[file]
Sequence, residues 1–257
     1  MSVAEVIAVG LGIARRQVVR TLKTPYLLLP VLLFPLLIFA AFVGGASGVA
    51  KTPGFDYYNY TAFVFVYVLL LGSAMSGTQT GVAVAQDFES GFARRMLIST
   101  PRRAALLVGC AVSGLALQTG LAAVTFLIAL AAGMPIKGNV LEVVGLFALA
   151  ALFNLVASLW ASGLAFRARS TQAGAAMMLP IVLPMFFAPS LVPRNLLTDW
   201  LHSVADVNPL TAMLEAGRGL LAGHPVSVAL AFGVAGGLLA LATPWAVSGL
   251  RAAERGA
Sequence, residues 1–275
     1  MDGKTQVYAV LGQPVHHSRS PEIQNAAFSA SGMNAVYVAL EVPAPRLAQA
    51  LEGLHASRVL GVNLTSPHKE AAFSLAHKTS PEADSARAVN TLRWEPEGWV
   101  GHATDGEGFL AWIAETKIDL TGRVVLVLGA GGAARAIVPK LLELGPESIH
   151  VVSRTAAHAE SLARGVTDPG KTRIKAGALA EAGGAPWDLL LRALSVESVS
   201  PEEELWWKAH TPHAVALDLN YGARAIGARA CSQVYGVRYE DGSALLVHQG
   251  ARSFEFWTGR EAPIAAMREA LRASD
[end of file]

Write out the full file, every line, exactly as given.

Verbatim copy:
Sequence, residues 1–257
     1  MSVAEVIAVG LGIARRQVVR TLKTPYLLLP VLLFPLLIFA AFVGGASGVA
    51  KTPGFDYYNY TAFVFVYVLL LGSAMSGTQT GVAVAQDFES GFARRMLIST
   101  PRRAALLVGC AVSGLALQTG LAAVTFLIAL AAGMPIKGNV LEVVGLFALA
   151  ALFNLVASLW ASGLAFRARS TQAGAAMMLP IVLPMFFAPS LVPRNLLTDW
   201  LHSVADVNPL TAMLEAGRGL LAGHPVSVAL AFGVAGGLLA LATPWAVSGL
   251  RAAERGA
Sequence, residues 1–275
     1  MDGKTQVYAV LGQPVHHSRS PEIQNAAFSA SGMNAVYVAL EVPAPRLAQA
    51  LEGLHASRVL GVNLTSPHKE AAFSLAHKTS PEADSARAVN TLRWEPEGWV
   101  GHATDGEGFL AWIAETKIDL TGRVVLVLGA GGAARAIVPK LLELGPESIH
   151  VVSRTAAHAE SLARGVTDPG KTRIKAGALA EAGGAPWDLL LRALSVESVS
   201  PEEELWWKAH TPHAVALDLN YGARAIGARA CSQVYGVRYE DGSALLVHQG
   251  ARSFEFWTGR EAPIAAMREA LRASD